"Easy," McGee said, "lie still. We got you."

He tried to talk, to tell them, but all that came out now was a strangled sound of pain. Gibbs cocked his head to the side and frowned as he swiftly reassessed his agent. He grabbed Tony's hand and stared at the fresh blood and followed it down to the floor to discover the spreading puddle on the floor that had been covered up by Tony's body until a few moments ago. "Did you check his back?" he asked McGee curtly.

McGee shook his head. Gibbs' eyes narrowed for a split second. "We need to check now. Forget his chest, that's not that serious. We need to know what's hurting him like this."

McGee protested. "It's just his chest, I think."

"It's not." The words were flat and sure.

Tony felt Gibbs fumble at his belt, unfastening the buckle and yanking out the knife he kept there. Any other time he could have laughed at the look of surprise on McGee's face when the vicious little blade came into view and immediately knew what he would get the probie for Christmas. So then they rolled him over, right to left. Tony tried to believe they attempted to be gentle, but he had his doubts. He felt air hit him as they pulled off his jacket and cut off his shirt, the moment of hesitation (he imagined he could see the look of grim concern they exchanged) as they located the wound and tugged his pants down a little to get more room to maneuver, and then somebody put their hand right where the pain was the most intense and leaned their weight into him. He yelled, then, and thrashed out blindly with his fists and feet, managed to grab one of them by the ankle and hung on tight.

"Goddamn," he swore and he kicked the floor hard, trying to hurt himself, trying to make something take his mind off his back. He forgot his head was throbbing, and raised it off the floor to try to see what was going on behind him and he sort of shook it to try to clear away the cobwebs and that's when he passed out.

He could hear Ducky murmuring. Wasn't sure if he was reading or just talking, but it was soothing and familiar. He imagined it must mean he was okay. Or…dead? He opened his eyes in sudden alarm and saw a ceiling and walls – not the big open bay Ducky worked in, but more like, ah, a hospital room. He drew in a relieved breath and willed his heart to stop galloping. He felt sharp, breathtaking pain from his back, but he couldn't do a thing about it. He was simply unhooked from doing anything but lying there and breathing and thinking. If he could, he would have told someone his back hurt, but he was already drifting away again.

He woke again later because a nurse who was calling him "Mr. DiNozzo," was telling him that she "needed" for him to wake up now. So he did, but once he did there really didn't seem anything all that urgent that she wanted after all. Which kind of pissed him off because he was still hurting too much to want to be awake, but too out of it to tell anyone he was. So he stuck his tongue out at her, mentally, and let himself pull the curtains shut once more.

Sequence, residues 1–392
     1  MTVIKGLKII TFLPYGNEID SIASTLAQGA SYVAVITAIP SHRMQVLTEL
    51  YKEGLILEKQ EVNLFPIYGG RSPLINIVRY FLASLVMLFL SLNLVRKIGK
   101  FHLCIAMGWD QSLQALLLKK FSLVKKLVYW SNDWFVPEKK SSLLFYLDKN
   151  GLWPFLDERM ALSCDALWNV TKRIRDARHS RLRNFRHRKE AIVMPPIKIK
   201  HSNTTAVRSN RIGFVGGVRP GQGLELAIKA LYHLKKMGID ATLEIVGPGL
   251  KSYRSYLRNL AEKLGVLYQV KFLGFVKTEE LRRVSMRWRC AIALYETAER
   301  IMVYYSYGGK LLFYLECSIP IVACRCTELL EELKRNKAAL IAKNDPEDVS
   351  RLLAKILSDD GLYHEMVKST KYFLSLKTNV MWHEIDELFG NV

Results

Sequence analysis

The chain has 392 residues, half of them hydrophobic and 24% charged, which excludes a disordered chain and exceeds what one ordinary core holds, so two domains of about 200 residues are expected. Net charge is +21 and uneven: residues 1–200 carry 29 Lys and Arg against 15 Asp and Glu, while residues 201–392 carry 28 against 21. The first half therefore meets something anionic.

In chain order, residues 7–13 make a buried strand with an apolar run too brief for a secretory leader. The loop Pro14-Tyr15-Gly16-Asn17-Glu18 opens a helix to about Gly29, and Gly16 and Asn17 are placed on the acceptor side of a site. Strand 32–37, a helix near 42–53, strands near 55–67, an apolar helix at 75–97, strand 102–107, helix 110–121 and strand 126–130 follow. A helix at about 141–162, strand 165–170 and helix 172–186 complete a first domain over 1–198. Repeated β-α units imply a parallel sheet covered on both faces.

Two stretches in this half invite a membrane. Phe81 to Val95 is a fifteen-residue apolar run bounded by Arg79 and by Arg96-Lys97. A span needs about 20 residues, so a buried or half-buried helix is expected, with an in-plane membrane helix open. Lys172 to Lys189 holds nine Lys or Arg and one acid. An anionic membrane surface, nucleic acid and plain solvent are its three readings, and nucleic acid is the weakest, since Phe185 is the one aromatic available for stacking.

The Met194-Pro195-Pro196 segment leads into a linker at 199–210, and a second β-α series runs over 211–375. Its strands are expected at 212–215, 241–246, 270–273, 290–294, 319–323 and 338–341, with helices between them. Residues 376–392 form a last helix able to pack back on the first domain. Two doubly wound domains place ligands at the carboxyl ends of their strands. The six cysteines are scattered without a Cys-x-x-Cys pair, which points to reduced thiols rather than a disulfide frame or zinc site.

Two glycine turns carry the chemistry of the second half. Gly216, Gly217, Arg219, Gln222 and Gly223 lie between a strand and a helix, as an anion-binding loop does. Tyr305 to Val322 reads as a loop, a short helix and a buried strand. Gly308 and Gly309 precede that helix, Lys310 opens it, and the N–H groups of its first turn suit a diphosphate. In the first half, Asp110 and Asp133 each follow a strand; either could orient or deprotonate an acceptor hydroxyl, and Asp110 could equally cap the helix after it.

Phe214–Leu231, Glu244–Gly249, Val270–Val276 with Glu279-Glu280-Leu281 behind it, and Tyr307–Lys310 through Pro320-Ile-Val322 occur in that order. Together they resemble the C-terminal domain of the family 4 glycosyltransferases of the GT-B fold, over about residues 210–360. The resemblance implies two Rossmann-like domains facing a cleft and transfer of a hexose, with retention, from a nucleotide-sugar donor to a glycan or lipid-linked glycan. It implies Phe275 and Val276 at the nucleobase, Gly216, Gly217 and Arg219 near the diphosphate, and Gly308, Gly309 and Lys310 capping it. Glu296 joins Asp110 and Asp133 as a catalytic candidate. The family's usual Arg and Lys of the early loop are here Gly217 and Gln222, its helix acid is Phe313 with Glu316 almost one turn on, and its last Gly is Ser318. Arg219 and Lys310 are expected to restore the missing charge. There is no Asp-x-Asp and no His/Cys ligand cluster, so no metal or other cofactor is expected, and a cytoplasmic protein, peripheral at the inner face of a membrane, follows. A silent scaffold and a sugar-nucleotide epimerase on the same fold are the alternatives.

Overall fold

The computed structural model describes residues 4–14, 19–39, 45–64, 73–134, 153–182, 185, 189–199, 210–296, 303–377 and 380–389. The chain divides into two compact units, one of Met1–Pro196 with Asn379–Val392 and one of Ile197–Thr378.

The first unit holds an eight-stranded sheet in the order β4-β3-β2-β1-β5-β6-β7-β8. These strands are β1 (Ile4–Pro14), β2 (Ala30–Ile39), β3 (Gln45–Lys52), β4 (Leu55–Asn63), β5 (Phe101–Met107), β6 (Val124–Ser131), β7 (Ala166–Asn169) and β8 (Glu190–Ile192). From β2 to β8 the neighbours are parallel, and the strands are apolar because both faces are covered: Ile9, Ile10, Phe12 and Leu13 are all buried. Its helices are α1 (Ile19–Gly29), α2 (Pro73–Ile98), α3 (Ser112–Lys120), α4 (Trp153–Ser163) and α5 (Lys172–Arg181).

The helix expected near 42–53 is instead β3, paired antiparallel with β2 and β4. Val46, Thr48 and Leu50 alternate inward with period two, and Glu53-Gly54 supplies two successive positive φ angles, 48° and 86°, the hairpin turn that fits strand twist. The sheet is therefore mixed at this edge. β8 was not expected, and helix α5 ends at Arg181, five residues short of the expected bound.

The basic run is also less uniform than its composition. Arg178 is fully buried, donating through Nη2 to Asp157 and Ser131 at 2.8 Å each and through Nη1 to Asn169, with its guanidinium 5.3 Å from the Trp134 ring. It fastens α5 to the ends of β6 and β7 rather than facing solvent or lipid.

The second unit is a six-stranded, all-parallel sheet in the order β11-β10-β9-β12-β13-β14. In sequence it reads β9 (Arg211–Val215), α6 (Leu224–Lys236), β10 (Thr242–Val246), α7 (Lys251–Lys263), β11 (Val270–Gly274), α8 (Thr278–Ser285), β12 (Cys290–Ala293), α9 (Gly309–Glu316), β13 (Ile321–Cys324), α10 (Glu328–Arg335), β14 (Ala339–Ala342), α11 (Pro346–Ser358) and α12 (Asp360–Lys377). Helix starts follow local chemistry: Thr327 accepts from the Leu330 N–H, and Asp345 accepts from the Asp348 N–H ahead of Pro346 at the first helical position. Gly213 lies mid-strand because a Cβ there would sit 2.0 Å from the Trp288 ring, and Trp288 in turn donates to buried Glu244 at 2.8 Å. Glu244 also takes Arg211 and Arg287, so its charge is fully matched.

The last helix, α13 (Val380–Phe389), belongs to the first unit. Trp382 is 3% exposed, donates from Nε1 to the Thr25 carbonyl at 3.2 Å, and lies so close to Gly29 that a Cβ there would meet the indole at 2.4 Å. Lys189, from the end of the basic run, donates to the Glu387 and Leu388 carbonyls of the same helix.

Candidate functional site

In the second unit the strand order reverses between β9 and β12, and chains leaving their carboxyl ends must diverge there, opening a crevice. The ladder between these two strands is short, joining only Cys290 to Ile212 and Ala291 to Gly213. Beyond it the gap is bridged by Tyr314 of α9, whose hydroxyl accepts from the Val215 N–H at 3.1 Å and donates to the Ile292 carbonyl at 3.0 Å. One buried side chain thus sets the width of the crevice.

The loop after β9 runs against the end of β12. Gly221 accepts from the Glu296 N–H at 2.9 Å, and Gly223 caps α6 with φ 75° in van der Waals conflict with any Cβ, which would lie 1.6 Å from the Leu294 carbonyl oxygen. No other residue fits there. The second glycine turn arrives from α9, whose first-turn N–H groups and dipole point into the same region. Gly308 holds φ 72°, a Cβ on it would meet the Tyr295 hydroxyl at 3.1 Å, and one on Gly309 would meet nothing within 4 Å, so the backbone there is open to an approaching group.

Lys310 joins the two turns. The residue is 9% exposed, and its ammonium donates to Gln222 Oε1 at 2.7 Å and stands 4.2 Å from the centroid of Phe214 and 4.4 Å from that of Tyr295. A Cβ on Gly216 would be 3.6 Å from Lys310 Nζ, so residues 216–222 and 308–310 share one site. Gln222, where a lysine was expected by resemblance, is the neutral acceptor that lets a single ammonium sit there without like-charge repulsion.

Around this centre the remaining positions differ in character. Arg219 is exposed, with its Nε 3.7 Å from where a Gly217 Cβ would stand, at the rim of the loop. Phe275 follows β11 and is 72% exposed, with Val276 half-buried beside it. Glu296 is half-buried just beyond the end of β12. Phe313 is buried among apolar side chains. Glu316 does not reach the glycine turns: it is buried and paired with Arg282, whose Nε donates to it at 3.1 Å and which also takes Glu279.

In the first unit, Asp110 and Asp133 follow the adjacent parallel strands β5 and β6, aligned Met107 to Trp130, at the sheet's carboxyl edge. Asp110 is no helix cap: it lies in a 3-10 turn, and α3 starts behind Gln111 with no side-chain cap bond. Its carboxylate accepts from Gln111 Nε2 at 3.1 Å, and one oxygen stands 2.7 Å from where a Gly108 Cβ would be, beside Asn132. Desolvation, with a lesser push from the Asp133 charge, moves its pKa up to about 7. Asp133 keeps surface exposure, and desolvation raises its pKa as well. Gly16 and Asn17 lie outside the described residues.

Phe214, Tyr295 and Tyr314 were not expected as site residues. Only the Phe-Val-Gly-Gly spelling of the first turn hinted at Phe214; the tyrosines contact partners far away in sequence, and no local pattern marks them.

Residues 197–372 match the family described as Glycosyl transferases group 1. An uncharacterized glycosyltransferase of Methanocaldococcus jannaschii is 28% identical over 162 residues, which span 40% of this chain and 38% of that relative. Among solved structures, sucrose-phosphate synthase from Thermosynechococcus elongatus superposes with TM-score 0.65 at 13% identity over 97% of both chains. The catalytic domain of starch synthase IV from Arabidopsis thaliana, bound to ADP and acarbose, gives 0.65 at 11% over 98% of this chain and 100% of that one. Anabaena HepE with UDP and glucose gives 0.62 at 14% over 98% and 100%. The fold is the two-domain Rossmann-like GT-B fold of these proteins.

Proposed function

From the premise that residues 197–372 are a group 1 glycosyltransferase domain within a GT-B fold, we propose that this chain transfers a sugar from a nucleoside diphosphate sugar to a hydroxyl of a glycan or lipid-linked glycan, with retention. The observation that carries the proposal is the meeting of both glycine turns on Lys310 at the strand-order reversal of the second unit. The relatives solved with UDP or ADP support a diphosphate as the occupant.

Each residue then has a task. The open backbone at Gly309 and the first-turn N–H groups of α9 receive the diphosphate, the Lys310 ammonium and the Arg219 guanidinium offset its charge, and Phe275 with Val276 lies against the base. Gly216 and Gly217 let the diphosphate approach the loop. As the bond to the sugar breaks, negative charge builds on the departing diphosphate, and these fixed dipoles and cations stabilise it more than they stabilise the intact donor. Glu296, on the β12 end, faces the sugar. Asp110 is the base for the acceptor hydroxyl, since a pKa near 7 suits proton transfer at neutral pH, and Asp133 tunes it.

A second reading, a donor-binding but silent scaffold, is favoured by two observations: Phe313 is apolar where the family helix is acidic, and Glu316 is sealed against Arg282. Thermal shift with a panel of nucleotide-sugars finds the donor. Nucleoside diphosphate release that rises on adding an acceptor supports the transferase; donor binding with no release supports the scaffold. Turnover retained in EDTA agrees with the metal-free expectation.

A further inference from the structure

Next time was at night. There was someone in the chair beside him, but they were breathing too slow and steady to be awake. He thought it was probably Gibbs. He didn't want him to wake up and hit him in the head for screwing up, so he just laid there and tried not to squirm. Stuff still hurt and now he was almost pulled together enough to want to do something about it. But not enough to want to wake his boss.

He laid there and thought about the day instead, about the case, about whether he should have known better than to turn his back on her. He felt his face turn red in embarrassment at what Kate would no doubt say in her profiling know-it-all way. He felt his left arm start to shake a little with some sort of muscle tremor thing and decided perhaps merely being alive right now was something to celebrate and if Kate chose to try to ruin that for him, so be it. He would shrug and say he didn't need a Stockholm Syndrome lecture to tell him what he'd known since preschool – not to turn his back on a girl. He'd always found it easier to be pointed in the same direction he was walking, but hey, he'd walk backwards the next time he found some damsel in distress that didn't know a rescue when she saw one.

Something, a movement perhaps, brought his attention back to the room. He was already propped mostly on his side, so all he had to do was look straight ahead. "Boss," he rasped in greeting.

Gibbs continued his bemused contemplation for another moment. "You're going to be fine," he finally said by way of greeting. "Concussion, few bullets got a little too close to some important stuff, but they fixed you up okay."

Tony smiled tightly. "Chicks dig scars. I can handle that."

Gibbs gave him a patient paternal smile. "Quit worrying about Kate teasing you for Swain getting you. Well. What I mean is, you might as well reconcile yourself to the prospect. She'll do a better job than me so I'll just let her handle it."

Tony grimaced. "Is she okay?" And they both knew he wasn't talking about Kate.

"Long ways from it. Don't expect a tearful apology anytime soon."

Tony found that depressing, because he wanted a neat, happy ending. He didn't like the thought that Swain didn't walk out of that room and snap her head back to where it was supposed to be. No apology was necessary, though – he really didn't want to be in the same room with her again, ever. The mere thought made him try to shift a little, to ease the discomfort. Then he found he was more than ready to find out if this shift had any gorgeous nurses who had a thing for federal agents.

Gibbs again flashed that tolerant smile, once more easily reading his thoughts, pushed the call button for him, then leaned back in his seat to wait with his agent for some pain relief.